A potential sighting of a new baby killer whale has buoyed hopes for the southern resident population — an endangered species that has stagnated ever since 45 members of the whale clan were killed or abducted as a spectacle for marine parks more than 50 years ago.
The April 28 sighting of what appeared to be a “very young calf” was captured in a video posted to the fishing-focused YouTube channel The Guide’s Forecast, confirmed the Center for Whale Research Tuesday.
Slipping through the water off Pacific City, Ore., the small whale appeared to be associating with K20, or “Spock,” who was originally thought to be a male until she gave birth in 2004.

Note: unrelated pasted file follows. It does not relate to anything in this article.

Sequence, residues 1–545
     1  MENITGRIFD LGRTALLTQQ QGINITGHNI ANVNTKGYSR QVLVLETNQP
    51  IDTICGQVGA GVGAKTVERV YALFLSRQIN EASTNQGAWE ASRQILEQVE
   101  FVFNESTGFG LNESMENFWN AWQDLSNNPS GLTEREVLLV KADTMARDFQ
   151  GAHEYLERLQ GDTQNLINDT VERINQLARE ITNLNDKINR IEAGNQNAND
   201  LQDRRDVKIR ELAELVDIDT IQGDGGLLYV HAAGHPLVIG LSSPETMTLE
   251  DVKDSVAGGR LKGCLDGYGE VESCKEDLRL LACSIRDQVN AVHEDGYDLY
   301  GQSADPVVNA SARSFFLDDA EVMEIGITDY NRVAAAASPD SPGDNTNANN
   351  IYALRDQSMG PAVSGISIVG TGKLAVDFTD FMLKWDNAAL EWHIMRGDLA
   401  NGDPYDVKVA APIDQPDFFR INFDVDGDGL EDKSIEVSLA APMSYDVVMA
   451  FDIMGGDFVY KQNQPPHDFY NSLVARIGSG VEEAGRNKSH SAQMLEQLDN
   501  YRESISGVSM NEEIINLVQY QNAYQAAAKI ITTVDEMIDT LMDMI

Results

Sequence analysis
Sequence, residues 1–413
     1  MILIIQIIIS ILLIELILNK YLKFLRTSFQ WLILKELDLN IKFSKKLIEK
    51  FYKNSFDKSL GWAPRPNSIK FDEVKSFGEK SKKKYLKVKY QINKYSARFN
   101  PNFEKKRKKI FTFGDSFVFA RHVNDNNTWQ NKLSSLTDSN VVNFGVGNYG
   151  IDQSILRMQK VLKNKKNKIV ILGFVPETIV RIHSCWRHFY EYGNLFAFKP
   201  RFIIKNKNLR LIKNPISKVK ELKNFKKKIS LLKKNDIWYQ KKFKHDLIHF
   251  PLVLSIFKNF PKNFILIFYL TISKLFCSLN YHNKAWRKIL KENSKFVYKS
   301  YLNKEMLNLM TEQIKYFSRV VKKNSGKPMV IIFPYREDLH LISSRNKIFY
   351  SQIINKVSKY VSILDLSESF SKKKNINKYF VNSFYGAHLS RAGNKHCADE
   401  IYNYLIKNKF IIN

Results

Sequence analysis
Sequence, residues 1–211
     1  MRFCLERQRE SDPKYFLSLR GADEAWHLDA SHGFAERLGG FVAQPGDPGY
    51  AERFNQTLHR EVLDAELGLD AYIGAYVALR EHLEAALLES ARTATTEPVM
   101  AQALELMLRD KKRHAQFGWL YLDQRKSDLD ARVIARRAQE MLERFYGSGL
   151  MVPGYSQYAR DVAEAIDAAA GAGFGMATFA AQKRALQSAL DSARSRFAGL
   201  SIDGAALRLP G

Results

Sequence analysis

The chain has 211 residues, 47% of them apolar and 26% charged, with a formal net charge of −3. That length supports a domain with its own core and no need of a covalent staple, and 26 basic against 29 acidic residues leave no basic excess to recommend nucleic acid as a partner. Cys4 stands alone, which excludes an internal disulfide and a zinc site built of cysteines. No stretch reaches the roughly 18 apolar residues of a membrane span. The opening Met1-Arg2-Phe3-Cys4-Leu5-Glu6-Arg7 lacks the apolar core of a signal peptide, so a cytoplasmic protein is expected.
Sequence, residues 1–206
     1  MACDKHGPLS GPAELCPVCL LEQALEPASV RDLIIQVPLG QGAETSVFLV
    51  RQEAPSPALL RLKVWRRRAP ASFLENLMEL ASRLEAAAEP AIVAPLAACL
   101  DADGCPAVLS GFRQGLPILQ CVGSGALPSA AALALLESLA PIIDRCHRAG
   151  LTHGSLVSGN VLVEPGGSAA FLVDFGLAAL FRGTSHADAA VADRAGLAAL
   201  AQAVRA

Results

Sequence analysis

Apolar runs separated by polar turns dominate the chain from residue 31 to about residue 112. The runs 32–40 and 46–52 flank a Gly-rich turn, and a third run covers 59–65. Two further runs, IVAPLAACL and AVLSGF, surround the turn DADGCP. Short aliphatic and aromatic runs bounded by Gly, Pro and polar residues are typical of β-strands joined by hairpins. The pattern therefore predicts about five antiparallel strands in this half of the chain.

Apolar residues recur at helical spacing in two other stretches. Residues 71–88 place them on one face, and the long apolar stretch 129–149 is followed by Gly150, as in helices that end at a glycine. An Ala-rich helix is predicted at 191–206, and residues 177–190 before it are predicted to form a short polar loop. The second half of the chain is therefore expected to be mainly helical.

If verified, the footage would confirm the first birth in K Pod since 2011 and comes less than a year after the pod’s oldest member died after falling gravely ill.
With 16 confirmed members, K pod is the smallest of the three southern resident killer whale families. Together with J and L pods, the endangered southern resident population peaked at 98 animals in recent decades. But its population has since taken a downward turn, declining to 73 confirmed whales by the end of 2021.
The news prompted whale enthusiasts to light up social media with tempered optimism.
“Cautiously exciting news!” tweeted the group Whale Tales.
“I love you new k pod baby,” wrote an underwater photographer.
The spotting comes only days after the Canadian federal government ramped up protection measures for southern resident killer whales across its critical habitat.